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10 minutes ago, monasqueen said:

If the general public did not report people seen flouting isolation/quarantine rules, we'd have Coronavirus in the community by now.

But my point is if it’s that important where is the resource in the coronavirus team? If protecting us and our quarantine rules is that important to protect us that people are being thrown in jail you’d have expected hundreds of people to be drafted in straight away surely so that government was all over the process and yet still comparatively few checks are being done by the people actually charged with doing them. Even less so with the police - so really you assume that it can’t be that important at all can it if we’ve got more people making sure the buses and choo choo’s still run and helping to run rundown castles and heritage sites than we have on checking that people are not breaching self isolation rules. That’s why the virus will come back. 

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47 minutes ago, thesultanofsheight said:

Funny then that we’ve jailed now 16 or 17 people for similar ridiculous offenses and yet it’s not stopping anything is it?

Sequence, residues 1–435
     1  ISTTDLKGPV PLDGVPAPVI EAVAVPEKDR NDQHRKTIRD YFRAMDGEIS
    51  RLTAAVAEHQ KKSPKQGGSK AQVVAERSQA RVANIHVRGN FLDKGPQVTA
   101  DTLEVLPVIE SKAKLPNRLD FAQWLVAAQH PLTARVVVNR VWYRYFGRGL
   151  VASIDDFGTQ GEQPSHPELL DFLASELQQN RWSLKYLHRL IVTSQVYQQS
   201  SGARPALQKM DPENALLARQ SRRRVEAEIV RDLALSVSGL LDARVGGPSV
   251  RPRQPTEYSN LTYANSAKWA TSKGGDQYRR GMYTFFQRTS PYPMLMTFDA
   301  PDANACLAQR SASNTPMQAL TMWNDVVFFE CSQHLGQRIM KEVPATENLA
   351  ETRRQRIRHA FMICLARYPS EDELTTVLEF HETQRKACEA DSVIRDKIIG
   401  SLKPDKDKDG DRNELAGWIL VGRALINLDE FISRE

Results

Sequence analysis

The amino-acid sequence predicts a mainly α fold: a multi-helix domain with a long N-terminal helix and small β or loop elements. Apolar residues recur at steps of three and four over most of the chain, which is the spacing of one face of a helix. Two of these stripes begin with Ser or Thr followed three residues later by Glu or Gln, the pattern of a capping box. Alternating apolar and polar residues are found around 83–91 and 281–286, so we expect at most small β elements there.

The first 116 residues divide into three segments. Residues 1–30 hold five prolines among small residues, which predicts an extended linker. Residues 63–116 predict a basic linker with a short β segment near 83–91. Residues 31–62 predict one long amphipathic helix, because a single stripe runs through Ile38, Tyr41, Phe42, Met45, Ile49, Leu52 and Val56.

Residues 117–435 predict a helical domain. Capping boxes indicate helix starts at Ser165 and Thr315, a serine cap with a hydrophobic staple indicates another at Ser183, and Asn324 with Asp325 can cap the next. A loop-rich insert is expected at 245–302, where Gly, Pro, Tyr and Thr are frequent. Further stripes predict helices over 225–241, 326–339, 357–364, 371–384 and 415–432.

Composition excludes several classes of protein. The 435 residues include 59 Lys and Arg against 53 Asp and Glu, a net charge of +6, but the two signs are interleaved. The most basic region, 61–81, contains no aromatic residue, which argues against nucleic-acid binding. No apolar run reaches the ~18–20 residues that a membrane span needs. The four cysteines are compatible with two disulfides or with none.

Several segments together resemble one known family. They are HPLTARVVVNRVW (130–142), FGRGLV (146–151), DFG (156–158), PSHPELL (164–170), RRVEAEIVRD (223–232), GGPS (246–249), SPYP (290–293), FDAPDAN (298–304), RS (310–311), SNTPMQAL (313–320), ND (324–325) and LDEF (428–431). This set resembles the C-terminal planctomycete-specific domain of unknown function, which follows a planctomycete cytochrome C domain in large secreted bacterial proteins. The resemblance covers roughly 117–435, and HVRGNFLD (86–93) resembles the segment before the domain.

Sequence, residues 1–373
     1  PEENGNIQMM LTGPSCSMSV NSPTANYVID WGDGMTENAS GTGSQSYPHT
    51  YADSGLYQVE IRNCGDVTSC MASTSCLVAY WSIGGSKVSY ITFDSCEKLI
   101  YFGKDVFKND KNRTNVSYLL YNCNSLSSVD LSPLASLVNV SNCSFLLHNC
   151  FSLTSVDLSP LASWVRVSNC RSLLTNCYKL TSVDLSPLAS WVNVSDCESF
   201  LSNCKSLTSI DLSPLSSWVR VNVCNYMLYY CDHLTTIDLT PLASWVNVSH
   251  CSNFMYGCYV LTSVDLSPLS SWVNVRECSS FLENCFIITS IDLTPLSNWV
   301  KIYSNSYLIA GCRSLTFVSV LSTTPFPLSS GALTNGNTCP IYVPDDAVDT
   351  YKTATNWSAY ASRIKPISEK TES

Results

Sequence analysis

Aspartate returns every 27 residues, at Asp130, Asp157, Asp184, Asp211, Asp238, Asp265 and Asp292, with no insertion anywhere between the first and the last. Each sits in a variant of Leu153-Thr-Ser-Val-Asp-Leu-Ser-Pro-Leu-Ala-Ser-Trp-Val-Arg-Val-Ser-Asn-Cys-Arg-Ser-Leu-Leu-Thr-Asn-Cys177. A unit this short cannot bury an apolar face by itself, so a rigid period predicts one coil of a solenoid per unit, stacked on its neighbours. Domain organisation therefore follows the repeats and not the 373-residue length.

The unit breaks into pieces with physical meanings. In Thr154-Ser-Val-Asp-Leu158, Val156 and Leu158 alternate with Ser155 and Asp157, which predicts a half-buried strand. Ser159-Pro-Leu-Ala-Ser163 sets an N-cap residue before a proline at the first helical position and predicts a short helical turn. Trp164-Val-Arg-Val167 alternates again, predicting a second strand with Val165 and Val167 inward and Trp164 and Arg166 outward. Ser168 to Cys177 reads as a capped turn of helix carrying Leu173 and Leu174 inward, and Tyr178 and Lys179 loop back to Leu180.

no that's not what I meant, I meant if the courts upheld the lady's  mitigation then others would use the same excuse

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8 minutes ago, Rhumsaa said:

no that's not what I meant, I meant if the courts upheld the lady's  mitigation then others would use the same excuse

It seems very clear that there is no mitigation anyway. A breach is a breach no matter how it happened which is pretty much what you get in places like Chile or Saudi where the state has the right to lock you up for anything they can get you for because they’re the state and you have no rights.